3 Leadership Lessons From a Golf Company That Grew 20% in a Shrinking Market
In 2012, Chip Brewer stood in his brand new office at the Callaway Golf headquarters not knowing if the words he just told his team made an impact. The words were simple, “I just want you to make products you are proud of.”
Fast forward to today. Callaway Golf Company has gone from being a struggling golf brand to the second largest golf equipment company in the world and one of the few growing in a shrinking golf market. To give you an idea of the difficulty in the industry, most reports have golf shrinking between 1-3 percent year over year. One of Callaway’s competitors TaylorMade was sold by its parent company Adidas after going from $1.7 Billion in revenue in 2012 to around $900 Million in 2016.
Conversely, Callaway’s trend is moving in the opposite direction, 2017 produced net sales over $1 Billion, a 20 percent increase over 2016. I talked with Brewer on an episode of the “Follow My Lead” podcast and you could summarize their turnaround into a lesson any business can learn from.
He said, “Make products that are demonstrably superior and pleasingly different.”
Want to achieve the same kind of turnaround as Callaway by building the best products in your industry? Take these three lessons from their playbook.
Create a culture that’s focused on innovation, yet embraces failure.
The golf industry, in particular, is heavily focused on products. In order to get to and stay at the top, innovation on a yearly basis is paramount to success. Harry Arnett, Callaway’s SVP of Marketing and Brand Management, believes they do this because “of a methodical and disciplined approach to innovation which is anchored with a deep collaboration between Sales, Marketing, and Research & Development.” To give you an idea of how deep this collaboration is, marketing, R&D, and the sales team sit only a few feet away from each other. They almost don’t have a choice but to collaborate.
This deep collaboration by itself is important but it goes beyond this. In order to innovate and bring the best products to market, no longer can the ideas only come from a few employees. Instead, ideas have to be flowing from every angle of the business because news doesn’t happen in the newsroom. Innovation can come from anywhere.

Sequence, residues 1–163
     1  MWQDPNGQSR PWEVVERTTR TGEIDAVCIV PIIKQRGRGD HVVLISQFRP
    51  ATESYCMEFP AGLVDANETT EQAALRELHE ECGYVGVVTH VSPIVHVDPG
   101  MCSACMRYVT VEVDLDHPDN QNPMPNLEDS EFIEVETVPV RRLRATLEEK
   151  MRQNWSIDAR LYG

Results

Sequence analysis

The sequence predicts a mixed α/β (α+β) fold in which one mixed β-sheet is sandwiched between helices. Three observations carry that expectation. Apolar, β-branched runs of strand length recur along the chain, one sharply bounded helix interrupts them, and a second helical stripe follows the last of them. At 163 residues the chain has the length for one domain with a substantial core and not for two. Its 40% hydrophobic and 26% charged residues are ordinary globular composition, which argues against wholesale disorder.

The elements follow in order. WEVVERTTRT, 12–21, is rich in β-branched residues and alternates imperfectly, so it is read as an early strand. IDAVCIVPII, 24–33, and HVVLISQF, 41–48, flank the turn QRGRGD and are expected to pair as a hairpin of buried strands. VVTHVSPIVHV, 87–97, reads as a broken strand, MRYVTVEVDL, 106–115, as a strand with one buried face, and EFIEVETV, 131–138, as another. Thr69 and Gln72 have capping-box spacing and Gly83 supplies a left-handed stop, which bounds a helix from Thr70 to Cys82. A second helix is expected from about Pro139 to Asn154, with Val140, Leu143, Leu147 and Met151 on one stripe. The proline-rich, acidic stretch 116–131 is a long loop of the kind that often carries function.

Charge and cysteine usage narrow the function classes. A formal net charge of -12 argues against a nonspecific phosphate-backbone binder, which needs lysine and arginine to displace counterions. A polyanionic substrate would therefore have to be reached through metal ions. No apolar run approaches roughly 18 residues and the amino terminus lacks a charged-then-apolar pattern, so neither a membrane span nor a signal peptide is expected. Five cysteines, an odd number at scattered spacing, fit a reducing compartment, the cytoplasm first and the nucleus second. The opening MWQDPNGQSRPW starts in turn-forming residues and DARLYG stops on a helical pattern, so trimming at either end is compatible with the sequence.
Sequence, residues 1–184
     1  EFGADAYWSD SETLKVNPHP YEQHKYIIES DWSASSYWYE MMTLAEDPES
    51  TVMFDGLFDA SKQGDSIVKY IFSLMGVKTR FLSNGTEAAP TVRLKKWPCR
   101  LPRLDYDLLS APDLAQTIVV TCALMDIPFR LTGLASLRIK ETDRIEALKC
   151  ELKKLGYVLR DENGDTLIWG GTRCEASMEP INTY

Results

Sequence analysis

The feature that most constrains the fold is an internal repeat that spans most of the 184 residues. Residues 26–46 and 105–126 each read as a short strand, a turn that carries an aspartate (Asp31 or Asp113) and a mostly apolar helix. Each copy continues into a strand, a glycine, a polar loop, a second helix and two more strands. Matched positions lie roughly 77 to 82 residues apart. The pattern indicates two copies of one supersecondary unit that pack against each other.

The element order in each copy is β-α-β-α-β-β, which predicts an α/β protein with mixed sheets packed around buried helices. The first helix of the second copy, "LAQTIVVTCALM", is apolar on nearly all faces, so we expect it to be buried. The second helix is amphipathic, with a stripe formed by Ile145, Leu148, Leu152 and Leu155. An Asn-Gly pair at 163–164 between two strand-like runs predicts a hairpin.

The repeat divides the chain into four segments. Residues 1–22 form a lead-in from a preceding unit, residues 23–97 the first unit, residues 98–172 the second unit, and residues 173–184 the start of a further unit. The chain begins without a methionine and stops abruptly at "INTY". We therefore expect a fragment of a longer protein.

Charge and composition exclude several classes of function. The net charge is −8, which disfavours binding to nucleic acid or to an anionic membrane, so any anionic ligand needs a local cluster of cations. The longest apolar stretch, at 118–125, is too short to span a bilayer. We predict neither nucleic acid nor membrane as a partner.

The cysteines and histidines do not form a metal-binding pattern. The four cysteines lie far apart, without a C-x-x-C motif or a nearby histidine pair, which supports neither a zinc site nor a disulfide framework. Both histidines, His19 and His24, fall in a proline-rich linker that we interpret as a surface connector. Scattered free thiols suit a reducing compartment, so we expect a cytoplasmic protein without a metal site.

A huge part of creating a successful culture of innovation is ensuring that the team embraces failure. Brewer says, “Every idea or new product isn’t going to be a hit and the team has to know that. At the end of the day, you have to break a lot of eggs to make a great omelet and we know that.”
Reconnect with customer needs through social media
Some of Callaway’s best innovation and newest products come from being more consumer-centric by putting themselves in the shoes of their buyer. They spend a lot of time and energy thinking about human behavior. Specifically, what consumers want and how they learn about subjects they are passionate about, such as golf.
To do this, Arnett knew he couldn’t rely on the old monogamous approach of how companies had previously interacted with customers. Instead of using a “pyramid of influence” they moved to a “sphere of influence” approach.
The transition started small but today Callaway is in lockstep with their consumer about what they want. They are participating in the “sphere of influence” with their customers to the point where you can barely move on social networks without seeing a Facebook Live interview with Callaway tour players, an Instagram post of five-year-old golf sensation or instant Twitter engagement with their customers.
Begin focusing on products on the fringes.
Innovation doesn’t just come in the form of improving or creating new products in existing business units. While Callaway’s core business is their main focus, it isn’t their only focus for innovation and growth. They have begun focusing on products the fringes (pun intended.)
They invested in Topgolf, a fast-growing driving range- golf entertainment company that mimics more of a bowling alley than a traditional 18 hole golf course. This year they also made two big acquisitions: OGIO, an innovative designer of travel bags. and Travis Matthew, a men’s apparel company for work and play.
Arnett summed it up well, “Our main focus is small, being the best in 6 categories: drivers, irons, fairway woods, wedges, golf balls, and putters. If we get those right every year it will lead to growth and benefit not just for our stockholders but for all. But we also see great growth in areas just outside our core space and these investments and acquisitions paint a bright future for us.”
Whether you are a golf enthusiast or someone that hopes the game goes away forever, I think we all can agree Callaway provides an example about reconnecting with products and innovation that any company can learn from.
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About the Author John Eades is the CEO of LearnLoft a full-service organizational health and leadership development company. He is also the host of the Follow My Lead Podcast and author of Follow My Lead: Standing Out & Being a Leader, and is passionate about the development of modern professionals. Follow him on Instagram @johngeades.